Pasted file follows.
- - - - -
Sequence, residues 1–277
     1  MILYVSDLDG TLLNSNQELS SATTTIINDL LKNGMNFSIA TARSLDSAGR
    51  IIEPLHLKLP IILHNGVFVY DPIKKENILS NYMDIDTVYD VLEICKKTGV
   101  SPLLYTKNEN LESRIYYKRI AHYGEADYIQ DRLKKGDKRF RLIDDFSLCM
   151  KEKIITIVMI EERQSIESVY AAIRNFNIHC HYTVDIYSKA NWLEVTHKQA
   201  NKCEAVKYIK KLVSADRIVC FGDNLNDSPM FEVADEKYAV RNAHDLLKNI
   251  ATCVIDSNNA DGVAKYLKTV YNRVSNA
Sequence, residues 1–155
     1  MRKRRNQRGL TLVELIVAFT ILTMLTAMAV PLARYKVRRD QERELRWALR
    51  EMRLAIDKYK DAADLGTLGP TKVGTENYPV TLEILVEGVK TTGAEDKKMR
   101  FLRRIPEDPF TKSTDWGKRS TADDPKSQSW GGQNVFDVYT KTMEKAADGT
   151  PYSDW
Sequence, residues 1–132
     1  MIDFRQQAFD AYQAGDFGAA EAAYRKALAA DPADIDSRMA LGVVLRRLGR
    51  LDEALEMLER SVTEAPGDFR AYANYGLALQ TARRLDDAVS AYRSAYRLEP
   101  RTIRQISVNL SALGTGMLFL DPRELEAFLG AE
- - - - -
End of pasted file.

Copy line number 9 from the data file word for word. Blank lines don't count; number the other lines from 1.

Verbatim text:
     1  MRKRRNQRGL TLVELIVAFT ILTMLTAMAV PLARYKVRRD QERELRWALR